“A load of wood stuck in the mud on the corner of King and James streets today, and caused considerable annoyance. A number of gentlemen assisted the little ponies to drag it out, and the obstruction was soon gone.”
Inclement weather, whether rain or snow, was caused both roads in the country and streets in the city to become quagmires.
Down on the Beach Strip, a new and larger filtering basin was being constructed, rotten weather or not. A case at the Police Court indicated that all was not peaceful on the job at that project:
“Yesterday, Thos. MacDonald, the leader of a gang of workmen engaged at the Beach, was tried before the Police Magistrate on the charge of assaulting Mr. Rich, who is building the new filtering basin. Mr. Rich had used his influence to prevent the men getting liquor at taverns on pay day, hence the assault. Macdonald was found guilty and sentenced to nine months in the Central Prison.”
The upcoming testimonial and fundraiser for the Honourable Isaac Buchanan was garnering publicity even beyond Hamilton as indicated in the following article which appeared in the Spectator of March 22, 1876:
“Referring to the Buchanan Testimonial fund, the Detroit Evening News speaks as follows : “The residents of the Dominion of Canada purpose giving the Hon. Isaac Buchanan, of Hamilton, who is about to remove from that city, a substantial testimonial of their appreciation of his successful efforts for the promotion of the interests, not only of Hamilton, but also of the entire province of Ontario. Mr. Buchanan is widely known, and, in sympathy with his brother, was instrumental in the building of the Great Western Railway. He has rendered sufficient aid to almost innumerable enterprises of public character, and has been a man of great liberality. Mr. George Goldie, who is giving his time and energies in the procuring of the testimonial, which is a work of obtaining subscriptions, arrived in this city today, and an opportunity will be given to the friends of Mr. Buchanan in this city to subscribe to this really worthy object.”
A short news item about the staff of life carried more impact than its length would suggest:
“The bakers of this city have banded together to raise the price of bread from ten to twelve cents per loaf, the new arrangement to take effect on Monday. This rise in the price of bread will doubtless cause great consternation.”
As the Hamilton and North Western Railway was about to begin construction operations to connect Hamilton on Lake Ontario with Collingwood on Georgian Bay, two meetings were held Hamilton which were each dominated with a conflicting opinion than the other :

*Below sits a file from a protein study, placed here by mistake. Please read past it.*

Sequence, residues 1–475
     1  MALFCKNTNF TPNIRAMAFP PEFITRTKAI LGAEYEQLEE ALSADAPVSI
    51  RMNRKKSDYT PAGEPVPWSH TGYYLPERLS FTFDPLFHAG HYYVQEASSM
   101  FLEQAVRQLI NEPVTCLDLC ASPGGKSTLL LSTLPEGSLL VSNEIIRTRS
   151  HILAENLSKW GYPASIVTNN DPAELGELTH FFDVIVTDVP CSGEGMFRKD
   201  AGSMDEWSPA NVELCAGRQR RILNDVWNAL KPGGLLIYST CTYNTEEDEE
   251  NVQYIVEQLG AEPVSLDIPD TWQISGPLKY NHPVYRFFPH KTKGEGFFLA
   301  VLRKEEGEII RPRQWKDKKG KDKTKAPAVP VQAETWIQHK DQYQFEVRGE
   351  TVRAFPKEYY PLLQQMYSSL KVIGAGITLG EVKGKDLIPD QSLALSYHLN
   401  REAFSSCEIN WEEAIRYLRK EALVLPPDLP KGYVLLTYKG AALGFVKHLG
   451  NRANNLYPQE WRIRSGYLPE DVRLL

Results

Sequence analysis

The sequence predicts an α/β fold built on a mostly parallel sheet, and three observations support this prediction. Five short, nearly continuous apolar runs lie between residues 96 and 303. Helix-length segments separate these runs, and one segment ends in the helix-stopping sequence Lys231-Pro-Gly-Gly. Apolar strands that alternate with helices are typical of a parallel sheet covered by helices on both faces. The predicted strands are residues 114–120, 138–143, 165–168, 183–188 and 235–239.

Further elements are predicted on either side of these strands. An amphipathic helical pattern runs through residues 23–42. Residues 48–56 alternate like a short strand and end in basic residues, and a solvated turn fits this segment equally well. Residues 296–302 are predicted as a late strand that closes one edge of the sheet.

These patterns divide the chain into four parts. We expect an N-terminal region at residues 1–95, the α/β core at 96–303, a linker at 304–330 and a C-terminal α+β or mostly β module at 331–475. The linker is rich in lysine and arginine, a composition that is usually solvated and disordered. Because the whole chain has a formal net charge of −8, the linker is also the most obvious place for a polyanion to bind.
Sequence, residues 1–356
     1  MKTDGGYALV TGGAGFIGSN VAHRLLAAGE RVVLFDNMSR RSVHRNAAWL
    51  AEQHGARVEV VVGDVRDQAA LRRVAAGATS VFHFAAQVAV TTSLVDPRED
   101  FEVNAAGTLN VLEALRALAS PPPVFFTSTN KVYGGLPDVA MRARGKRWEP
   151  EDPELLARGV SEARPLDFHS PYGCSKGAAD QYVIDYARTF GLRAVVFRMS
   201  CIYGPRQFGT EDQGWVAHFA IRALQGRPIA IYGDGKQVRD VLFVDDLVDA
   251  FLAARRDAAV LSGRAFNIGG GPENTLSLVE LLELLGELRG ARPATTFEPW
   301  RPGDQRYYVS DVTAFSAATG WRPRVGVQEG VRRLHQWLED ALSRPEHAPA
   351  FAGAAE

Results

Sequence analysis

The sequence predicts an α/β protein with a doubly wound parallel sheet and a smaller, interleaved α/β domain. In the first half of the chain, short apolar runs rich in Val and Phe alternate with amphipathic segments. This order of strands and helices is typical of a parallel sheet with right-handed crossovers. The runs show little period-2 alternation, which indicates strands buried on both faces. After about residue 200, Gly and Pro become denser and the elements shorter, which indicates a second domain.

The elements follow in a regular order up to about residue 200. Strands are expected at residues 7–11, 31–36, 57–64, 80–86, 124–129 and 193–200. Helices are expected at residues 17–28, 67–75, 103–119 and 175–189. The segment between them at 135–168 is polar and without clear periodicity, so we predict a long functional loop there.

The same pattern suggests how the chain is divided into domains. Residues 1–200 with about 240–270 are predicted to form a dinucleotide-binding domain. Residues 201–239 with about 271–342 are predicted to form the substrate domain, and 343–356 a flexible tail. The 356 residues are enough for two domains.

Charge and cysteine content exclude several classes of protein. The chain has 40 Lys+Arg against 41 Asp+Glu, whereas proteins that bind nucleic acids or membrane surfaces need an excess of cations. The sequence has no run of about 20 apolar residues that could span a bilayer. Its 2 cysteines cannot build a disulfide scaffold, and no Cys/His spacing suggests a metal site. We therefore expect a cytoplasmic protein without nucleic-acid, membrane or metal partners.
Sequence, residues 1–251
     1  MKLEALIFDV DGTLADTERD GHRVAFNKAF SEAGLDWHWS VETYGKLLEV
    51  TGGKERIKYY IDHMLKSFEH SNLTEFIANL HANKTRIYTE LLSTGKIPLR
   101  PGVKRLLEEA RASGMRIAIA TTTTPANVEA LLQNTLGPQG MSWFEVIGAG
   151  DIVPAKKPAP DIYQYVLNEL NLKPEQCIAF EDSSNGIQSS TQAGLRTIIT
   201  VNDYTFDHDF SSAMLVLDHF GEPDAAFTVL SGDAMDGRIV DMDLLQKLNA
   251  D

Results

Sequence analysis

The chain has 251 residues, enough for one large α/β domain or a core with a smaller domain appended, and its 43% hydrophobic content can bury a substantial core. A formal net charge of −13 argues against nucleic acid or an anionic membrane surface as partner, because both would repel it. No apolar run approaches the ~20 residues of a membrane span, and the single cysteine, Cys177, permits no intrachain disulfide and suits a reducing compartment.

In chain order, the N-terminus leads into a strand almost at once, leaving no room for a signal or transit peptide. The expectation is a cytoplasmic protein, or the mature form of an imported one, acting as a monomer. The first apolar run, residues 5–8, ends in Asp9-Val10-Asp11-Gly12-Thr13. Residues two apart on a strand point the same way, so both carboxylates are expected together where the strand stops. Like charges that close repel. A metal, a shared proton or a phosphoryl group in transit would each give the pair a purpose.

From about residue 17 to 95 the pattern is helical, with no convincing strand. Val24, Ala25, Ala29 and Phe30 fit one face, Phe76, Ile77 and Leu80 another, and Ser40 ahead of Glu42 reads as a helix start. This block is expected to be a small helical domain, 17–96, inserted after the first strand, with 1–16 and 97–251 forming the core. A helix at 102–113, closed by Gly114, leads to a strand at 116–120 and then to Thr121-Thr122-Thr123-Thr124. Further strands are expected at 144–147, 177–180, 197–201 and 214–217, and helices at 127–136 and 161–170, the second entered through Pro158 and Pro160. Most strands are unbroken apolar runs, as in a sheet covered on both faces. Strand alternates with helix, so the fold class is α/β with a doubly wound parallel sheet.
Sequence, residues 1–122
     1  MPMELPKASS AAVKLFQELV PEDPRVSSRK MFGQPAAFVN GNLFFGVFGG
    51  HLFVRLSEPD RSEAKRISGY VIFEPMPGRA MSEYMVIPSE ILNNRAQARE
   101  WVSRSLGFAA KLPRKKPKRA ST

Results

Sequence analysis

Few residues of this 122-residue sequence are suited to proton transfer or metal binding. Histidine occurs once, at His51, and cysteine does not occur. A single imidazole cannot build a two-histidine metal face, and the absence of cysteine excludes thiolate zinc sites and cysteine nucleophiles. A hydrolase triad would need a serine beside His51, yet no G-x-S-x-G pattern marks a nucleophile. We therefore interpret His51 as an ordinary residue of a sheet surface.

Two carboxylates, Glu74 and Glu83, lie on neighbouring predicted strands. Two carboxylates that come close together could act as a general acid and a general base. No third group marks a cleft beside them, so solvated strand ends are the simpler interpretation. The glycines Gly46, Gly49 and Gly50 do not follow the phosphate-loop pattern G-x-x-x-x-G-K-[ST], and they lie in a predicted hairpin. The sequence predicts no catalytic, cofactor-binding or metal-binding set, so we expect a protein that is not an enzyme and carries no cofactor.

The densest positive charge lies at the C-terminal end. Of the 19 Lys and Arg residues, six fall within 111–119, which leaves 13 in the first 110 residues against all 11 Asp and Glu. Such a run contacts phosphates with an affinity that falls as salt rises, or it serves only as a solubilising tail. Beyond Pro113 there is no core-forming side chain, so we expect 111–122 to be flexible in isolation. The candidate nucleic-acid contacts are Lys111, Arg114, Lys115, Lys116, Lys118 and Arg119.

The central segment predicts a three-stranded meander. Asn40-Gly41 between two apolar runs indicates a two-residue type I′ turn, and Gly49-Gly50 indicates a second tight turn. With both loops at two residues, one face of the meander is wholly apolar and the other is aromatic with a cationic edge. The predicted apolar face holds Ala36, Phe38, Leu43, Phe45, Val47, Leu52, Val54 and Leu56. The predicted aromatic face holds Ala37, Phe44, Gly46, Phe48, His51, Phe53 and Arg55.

“At 10 o’clock today, a most important meeting of the master mariners of this port was held in Mr. Adam Hope’s office on King street east. About thirty master mariners were present. The object of the meeting was to oppose the bridging of the Burlington Canal by the Hamilton and North Western Railway. Captain Edward Zealand was called to the chair, and Mr. Adam Hope appointed secretary.
After the chairman had explained the object of the meeting, the following petition was read.
To His Excellency the Right Hon. The Earl of Dufferin, etc. etc., the Governor General of Canada in Council etc.
The petition of the undersigned, merchants, ship owners and others, of the city of Hamilton and elsewhere,
HUMBLY SHEWETH, That your petitioners are informed that the promoters of the Hamilton and North Western Railway are applying to Your Excellency for permission to cross Burlington Bay Canal with a swing bridge, and propose narrowing the channel in the erection of said bridge. Burlington Bay Canal is unlike ordinary slack water canals over which railway and other bridges are occasionally erected.
It is an open navigable water communication between Lake Ontario and Burlington Bay, which is the finest natural harbour in all of the great lakes. Vessels sail through it as if in the open lakes with full speed of canvas. In heavy weather, with easterly gales, vessels bound up the lake for Toronto or the Welland Canal, frequently miss the Point on the north shore , or Port Dalhousie on the south, and run for shelter into Burlington Bay as a harbour of refuge. Burlington Bay is not only a harbour of refuge for the shipping on Lake Ontario, but it is the natural habour for the rich and fertile counties to the west and northwest of Hamilton.
Your petitioners consider it a misnomer to call the navigable communication between Lake Ontario and Burlington Bay a “canal.” It is an open water way between the lake and bay, free from the usual obstructions of a canal, either of a lock or bridge, and your petitioners firmly believe and beg most earnestly to represent to Your Excellency that any sort of bridge erected across the navigation water way would seriously interfere with navigation, and to narrow it as it is proposed to do by about forty feet would increase the velocity of the current and prove utterly destructive to the usefulness of this important work so intimately identified with the commerce of Lake Ontario, in the rise and progress of a great city and the trade of the Western peninsula, converging as it does by a network of railways to the head waters of Burlington Bay.
Your petitioners beg further to say that after completion of the enlargement of the Welland Canal at the cost of millions of dollars, Dominion vessels will be constructed of double their present tonnage capacity, and the obstruction by any such bridge as is proposed will intensify the evils of which your petitioners complain.